They should call it toe-curling. As if the crawling pace of the play isn't bad enough – and that business of setting up a "guard" so that the next man can just knock it away seems especially absurd; what sort of guard is that? – Great Britain's (or rather Scotland's) women were off kilter from the start and the men, the world champions and favourites, were beaten by a bunch of kids. Swedes 7 Neeps 6.
Equally toe-curling was the arrival of Paula Radcliffe in the commentary box alongside Steve Cram for that men's play-off (Winter Olympics, Wednesday, BBC2). At least the marathon runner didn't curl one out this time, but as is her custom these days she had to dash off before the end. She's a great mate of Cram's and (still just about) a national sporting icon, but what on earth was she doing there? Cold-weather training for London 2012, perhaps.
Bobble hats off to Cram, though, who was arguably the best commentator around in Vancouver. Quite why he is so knowledgeable about this relatively obscure sport, an altogether more leisurely pursuit than the one he was used to, is anyone's guess. Maybe only distance-runners have the stamina for this kind of endurance spectating.
Perhaps Radcliffe is grooming herself for a similar role when those 26 miles and 385 yards become a step too far. The bobsleigh seems like a possible speciality for her, since the British teams seem incapable of making it to the end of the run.
Two of the Beeb's most overexposed commentators at the Winter Games, Ed Leigh of the snowboarding world and former skier Graham Bell, almost didn't make it. British Columbia – Canada's Olympic Wilderness (BBC2, Thursday) told the story of the pair's 3,000km journey from Whitehorse to Whistler in time for the start of the Games.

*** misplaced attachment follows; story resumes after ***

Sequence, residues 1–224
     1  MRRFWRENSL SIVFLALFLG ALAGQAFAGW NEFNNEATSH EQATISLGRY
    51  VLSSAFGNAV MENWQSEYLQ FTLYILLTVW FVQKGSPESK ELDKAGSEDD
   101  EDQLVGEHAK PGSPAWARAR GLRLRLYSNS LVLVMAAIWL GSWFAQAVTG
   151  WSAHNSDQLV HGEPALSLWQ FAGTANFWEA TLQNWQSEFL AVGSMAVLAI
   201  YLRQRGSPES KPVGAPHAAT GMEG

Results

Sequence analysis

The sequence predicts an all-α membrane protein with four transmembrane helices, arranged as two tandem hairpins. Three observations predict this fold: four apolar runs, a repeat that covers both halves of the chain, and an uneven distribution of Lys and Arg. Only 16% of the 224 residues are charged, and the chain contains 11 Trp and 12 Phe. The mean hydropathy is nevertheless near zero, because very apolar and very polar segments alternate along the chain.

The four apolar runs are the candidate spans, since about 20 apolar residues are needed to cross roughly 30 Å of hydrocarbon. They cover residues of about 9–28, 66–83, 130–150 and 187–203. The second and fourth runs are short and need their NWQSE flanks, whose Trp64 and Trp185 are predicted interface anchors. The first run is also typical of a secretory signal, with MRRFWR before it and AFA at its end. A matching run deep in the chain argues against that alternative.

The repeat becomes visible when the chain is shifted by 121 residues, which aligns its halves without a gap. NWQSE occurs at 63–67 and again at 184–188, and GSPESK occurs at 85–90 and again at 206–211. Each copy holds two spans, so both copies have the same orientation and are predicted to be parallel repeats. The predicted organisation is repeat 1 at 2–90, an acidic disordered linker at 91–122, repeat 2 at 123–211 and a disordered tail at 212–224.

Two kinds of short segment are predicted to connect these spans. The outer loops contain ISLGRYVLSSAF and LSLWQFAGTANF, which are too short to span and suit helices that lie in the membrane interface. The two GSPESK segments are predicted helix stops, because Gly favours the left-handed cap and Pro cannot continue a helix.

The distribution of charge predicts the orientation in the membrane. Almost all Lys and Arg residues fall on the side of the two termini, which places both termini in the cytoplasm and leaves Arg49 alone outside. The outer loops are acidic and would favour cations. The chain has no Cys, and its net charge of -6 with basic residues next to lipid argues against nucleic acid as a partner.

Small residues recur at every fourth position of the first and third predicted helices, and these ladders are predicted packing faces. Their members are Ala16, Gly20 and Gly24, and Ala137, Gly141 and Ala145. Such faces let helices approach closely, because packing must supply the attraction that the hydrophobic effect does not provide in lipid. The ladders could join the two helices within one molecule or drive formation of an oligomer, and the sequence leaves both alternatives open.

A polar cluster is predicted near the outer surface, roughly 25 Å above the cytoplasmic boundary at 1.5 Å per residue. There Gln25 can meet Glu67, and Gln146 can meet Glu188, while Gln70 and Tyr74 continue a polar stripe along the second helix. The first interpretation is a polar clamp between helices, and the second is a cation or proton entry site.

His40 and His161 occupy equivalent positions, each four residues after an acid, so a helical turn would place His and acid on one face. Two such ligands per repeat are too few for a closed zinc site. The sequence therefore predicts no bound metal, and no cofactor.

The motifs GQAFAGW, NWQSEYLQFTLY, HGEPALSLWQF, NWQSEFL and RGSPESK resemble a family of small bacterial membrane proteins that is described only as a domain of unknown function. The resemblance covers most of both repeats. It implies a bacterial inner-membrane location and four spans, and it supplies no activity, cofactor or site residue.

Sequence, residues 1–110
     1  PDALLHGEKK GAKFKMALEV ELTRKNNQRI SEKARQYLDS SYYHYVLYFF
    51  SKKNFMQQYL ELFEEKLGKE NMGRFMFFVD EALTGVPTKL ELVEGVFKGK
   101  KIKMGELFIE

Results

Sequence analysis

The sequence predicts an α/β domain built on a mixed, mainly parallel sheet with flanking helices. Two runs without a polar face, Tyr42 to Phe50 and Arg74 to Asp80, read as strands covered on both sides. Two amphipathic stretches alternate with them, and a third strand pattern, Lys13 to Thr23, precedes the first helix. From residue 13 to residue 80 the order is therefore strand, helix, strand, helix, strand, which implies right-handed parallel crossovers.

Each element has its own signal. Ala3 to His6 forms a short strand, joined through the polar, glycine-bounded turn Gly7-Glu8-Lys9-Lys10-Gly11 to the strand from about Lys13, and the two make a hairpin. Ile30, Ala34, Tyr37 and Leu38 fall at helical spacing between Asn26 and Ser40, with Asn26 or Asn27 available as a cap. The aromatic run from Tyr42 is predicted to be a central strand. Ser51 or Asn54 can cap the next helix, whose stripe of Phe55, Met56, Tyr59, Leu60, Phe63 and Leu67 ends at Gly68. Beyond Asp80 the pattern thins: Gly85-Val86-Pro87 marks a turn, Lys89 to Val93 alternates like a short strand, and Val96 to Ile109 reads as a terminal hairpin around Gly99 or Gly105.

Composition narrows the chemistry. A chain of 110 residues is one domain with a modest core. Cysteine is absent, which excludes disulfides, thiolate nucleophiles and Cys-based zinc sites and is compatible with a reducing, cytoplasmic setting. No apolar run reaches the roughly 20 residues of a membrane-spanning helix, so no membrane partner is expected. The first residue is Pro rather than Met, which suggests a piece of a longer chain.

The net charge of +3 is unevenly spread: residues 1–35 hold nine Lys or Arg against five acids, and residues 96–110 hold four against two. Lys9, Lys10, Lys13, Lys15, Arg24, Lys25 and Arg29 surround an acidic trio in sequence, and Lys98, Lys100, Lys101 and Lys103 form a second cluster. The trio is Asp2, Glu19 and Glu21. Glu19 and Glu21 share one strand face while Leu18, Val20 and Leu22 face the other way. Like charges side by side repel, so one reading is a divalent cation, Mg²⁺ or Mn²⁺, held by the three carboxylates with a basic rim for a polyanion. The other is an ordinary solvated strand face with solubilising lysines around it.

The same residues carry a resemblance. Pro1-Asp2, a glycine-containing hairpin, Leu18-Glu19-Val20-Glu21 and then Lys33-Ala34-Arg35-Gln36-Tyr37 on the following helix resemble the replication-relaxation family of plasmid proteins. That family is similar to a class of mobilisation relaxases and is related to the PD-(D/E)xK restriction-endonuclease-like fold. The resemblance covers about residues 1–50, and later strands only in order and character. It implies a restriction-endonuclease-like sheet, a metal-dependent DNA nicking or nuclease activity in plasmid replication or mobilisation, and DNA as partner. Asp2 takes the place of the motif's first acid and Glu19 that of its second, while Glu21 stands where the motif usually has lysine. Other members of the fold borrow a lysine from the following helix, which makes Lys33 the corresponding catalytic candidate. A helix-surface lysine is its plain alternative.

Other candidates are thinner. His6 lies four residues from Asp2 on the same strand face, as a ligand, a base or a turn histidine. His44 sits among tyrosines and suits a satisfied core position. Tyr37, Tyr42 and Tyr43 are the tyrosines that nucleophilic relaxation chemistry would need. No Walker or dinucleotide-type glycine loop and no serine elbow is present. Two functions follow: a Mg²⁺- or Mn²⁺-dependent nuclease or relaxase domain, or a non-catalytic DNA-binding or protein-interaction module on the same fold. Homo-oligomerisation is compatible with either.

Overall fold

Along the way they met about five people, all of whom liked nothing more than going out and shooting lots of cute, cuddly grizzly bears. This was more than Ed could stomach, even if it was for food. He was lucky they didn't skin him and make him into a rug.
For the final stretch they spent three days with a guide in the mountains, trekking cross-country on skis before flying down the virgin slopes on their respective planks.
Leigh said it was like being "in a mental carwash"; "after about 45 minutes, an hour, your mind wanders off." The same might have applied to viewers of this laborious travelogue, if not the crowd in the curling arena – apparently "the hottest ticket in town", though in a place as cold as Vancouver that's not really saying very much.
While Leigh was coming up with such insights as "It's a tough, hard life, and maybe that's the point" (er, sorry but what was the point again?), someone at the BBC should put a freeze on the salary of this abominable snowman.Reuse content